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Cell Syst. 2016 Oct 26;3(4):374-384.e4. doi: 10.1016/j.cels.2016.09.009. Epub 2016 Oct 13.

Defective Signaling in the JAK-STAT Pathway Tracks with Chronic Inflammation and Cardiovascular Risk in Aging Humans.

Author information

1
Faculty of Medicine, Technion-Israel Institute of Technology, Haifa 31096, Israel; Department of Microbiology and Immunology, Stanford University School of Medicine, Stanford, CA 94305, USA; Division of Systems Medicine, Department of Pediatrics, Stanford University School of Medicine, Stanford, CA 94305, USA.
2
Department of Microbiology and Immunology, Stanford University School of Medicine, Stanford, CA 94305, USA; Institute of Immunity, Transplantation and Infection, Stanford University School of Medicine, Stanford, CA 94305, USA.
3
Division of Cardiovascular Medicine, Stanford University School of Medicine, Stanford, CA 94305, USA; Stanford Cardiovascular Institute, Stanford University School of Medicine, Stanford, CA 94305, USA.
4
Department of Microbiology and Immunology, Stanford University School of Medicine, Stanford, CA 94305, USA; Human Immune Monitoring Center, Stanford University School of Medicine, Stanford, CA 94305, USA.
5
Division of Pediatric Infectious Diseases, Stanford University School of Medicine, Stanford, CA 94305, USA.
6
Faculty of Medicine, Technion-Israel Institute of Technology, Haifa 31096, Israel.
7
Department of Microbiology and Immunology, Stanford University School of Medicine, Stanford, CA 94305, USA; Institute of Immunity, Transplantation and Infection, Stanford University School of Medicine, Stanford, CA 94305, USA; Human Immune Monitoring Center, Stanford University School of Medicine, Stanford, CA 94305, USA.
8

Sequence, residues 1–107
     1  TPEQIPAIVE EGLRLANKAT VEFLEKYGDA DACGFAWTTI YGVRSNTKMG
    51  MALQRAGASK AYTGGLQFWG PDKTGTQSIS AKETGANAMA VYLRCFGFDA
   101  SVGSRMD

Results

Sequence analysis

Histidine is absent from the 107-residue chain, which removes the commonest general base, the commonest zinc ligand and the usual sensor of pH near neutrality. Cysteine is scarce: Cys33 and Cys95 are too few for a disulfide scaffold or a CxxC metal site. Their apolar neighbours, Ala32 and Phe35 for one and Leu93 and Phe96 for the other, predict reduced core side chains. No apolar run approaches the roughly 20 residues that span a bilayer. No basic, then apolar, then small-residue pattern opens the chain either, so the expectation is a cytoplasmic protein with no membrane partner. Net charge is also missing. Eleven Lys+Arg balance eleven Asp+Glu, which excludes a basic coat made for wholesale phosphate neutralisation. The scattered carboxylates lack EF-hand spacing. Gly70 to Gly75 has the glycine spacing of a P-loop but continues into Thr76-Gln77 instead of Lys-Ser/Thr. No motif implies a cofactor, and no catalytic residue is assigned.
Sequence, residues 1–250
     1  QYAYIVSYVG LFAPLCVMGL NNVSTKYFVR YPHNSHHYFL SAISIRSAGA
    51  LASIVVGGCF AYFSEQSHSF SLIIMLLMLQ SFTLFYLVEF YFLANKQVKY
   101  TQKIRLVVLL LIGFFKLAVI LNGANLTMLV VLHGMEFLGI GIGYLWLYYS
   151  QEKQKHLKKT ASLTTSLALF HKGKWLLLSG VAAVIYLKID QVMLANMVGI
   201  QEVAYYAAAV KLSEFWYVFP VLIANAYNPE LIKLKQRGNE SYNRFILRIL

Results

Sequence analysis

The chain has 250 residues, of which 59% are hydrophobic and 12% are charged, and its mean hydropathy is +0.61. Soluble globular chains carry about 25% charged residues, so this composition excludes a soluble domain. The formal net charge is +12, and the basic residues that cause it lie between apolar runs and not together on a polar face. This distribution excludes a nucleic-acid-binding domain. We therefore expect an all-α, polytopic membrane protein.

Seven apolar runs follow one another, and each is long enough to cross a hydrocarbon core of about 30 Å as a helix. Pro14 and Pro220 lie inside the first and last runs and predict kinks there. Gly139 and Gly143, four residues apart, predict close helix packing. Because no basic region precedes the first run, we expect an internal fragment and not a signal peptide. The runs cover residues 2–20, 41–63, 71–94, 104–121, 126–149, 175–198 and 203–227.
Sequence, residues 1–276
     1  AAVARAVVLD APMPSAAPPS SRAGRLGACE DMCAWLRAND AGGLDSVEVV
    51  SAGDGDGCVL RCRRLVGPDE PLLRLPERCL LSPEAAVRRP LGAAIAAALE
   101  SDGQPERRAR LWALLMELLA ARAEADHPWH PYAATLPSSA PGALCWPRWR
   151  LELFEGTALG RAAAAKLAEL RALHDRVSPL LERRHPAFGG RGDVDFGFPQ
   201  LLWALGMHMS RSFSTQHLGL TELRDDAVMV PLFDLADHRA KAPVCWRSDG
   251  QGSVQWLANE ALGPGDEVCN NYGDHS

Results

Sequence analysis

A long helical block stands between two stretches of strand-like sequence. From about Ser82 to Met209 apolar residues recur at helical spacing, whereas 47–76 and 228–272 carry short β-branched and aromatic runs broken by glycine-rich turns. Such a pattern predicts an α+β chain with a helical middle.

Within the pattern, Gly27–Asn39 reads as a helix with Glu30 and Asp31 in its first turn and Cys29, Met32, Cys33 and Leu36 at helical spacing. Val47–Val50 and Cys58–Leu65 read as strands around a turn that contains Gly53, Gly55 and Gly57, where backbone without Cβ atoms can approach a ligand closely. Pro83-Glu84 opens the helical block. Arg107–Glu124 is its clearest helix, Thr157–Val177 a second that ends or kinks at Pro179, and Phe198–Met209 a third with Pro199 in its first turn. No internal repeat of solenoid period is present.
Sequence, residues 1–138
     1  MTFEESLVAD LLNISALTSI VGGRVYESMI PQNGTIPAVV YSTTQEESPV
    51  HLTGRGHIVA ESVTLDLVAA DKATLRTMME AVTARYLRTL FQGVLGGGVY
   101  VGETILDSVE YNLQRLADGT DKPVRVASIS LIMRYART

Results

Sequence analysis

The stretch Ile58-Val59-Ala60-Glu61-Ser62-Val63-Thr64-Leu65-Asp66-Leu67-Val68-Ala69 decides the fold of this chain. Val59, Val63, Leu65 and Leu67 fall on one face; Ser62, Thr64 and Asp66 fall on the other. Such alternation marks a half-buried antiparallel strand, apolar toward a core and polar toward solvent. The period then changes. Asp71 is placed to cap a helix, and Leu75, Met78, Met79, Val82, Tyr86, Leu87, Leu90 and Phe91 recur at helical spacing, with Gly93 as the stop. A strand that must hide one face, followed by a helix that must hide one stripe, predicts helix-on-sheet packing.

Department of Microbiology and Immunology, Stanford University School of Medicine, Stanford, CA 94305, USA.
9
Institute of Immunity, Transplantation and Infection, Stanford University School of Medicine, Stanford, CA 94305, USA; Division of Pediatric Infectious Diseases, Stanford University School of Medicine, Stanford, CA 94305, USA.
10
Division of Systems Medicine, Department of Pediatrics, Stanford University School of Medicine, Stanford, CA 94305, USA. Electronic address: atul.butte@ucsf.edu.
11
Department of Microbiology and Immunology, Stanford University School of Medicine, Stanford, CA 94305, USA; Institute of Immunity, Transplantation and Infection, Stanford University School of Medicine, Stanford, CA 94305, USA; Howard Hughes Medical Institute, Chevy Chase, MD 20815, USA. Electronic address: mmdavis@stanford.edu.

Abstract

Chronic inflammation, a decline in immune responsiveness, and reduced cardiovascular function are all associated with aging, but the relationships among these phenomena remain unclear. Here, we longitudinally profiled a total of 84 signaling conditions in 91 young and older adults and observed an age-related reduction in cytokine responsiveness within four immune cell lineages, most prominently T cells. The phenotype can be partially explained by elevated baseline levels of phosphorylated STAT (pSTAT) proteins and a different response capacity of naive versus memory T cell subsets to interleukin 6 (IL-6), interferon α (IFN-α), and, to a lesser extent, IL-21 and IFN-γ. Baseline pSTAT levels tracked with circulating levels of C-reactive protein (CRP), and we derived a cytokine response score that negatively correlates with measures of cardiovascular disease, specifically diastolic dysfunction and atherosclerotic burden, outperforming CRP. Thus, we identified an immunological link between inflammation, decreased cell responsiveness in the JAK-STAT pathway, and cardiovascular aging. Targeting chronic inflammation may ameliorate this deficiency in cellular responsiveness and improve cardiovascular function.

KEYWORDS:

aging; cardiovascular; cytokine responses; immune monitoring; immune signaling; immunosenescence; inflammaging; systems immunology

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